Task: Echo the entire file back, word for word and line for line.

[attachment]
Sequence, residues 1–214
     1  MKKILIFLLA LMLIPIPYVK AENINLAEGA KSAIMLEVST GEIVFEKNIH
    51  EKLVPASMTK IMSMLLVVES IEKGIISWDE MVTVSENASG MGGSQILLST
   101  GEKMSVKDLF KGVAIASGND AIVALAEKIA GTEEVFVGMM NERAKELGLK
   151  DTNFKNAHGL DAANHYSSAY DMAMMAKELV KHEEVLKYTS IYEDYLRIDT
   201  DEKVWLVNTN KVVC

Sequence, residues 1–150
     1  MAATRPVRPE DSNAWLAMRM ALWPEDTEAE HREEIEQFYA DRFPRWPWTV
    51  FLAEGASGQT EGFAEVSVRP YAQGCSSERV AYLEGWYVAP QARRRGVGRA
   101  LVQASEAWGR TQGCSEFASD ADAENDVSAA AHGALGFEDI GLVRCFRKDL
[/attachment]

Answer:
Sequence, residues 1–214
     1  MKKILIFLLA LMLIPIPYVK AENINLAEGA KSAIMLEVST GEIVFEKNIH
    51  EKLVPASMTK IMSMLLVVES IEKGIISWDE MVTVSENASG MGGSQILLST
   101  GEKMSVKDLF KGVAIASGND AIVALAEKIA GTEEVFVGMM NERAKELGLK
   151  DTNFKNAHGL DAANHYSSAY DMAMMAKELV KHEEVLKYTS IYEDYLRIDT
   201  DEKVWLVNTN KVVC

Sequence, residues 1–150
     1  MAATRPVRPE DSNAWLAMRM ALWPEDTEAE HREEIEQFYA DRFPRWPWTV
    51  FLAEGASGQT EGFAEVSVRP YAQGCSSERV AYLEGWYVAP QARRRGVGRA
   101  LVQASEAWGR TQGCSEFASD ADAENDVSAA AHGALGFEDI GLVRCFRKDL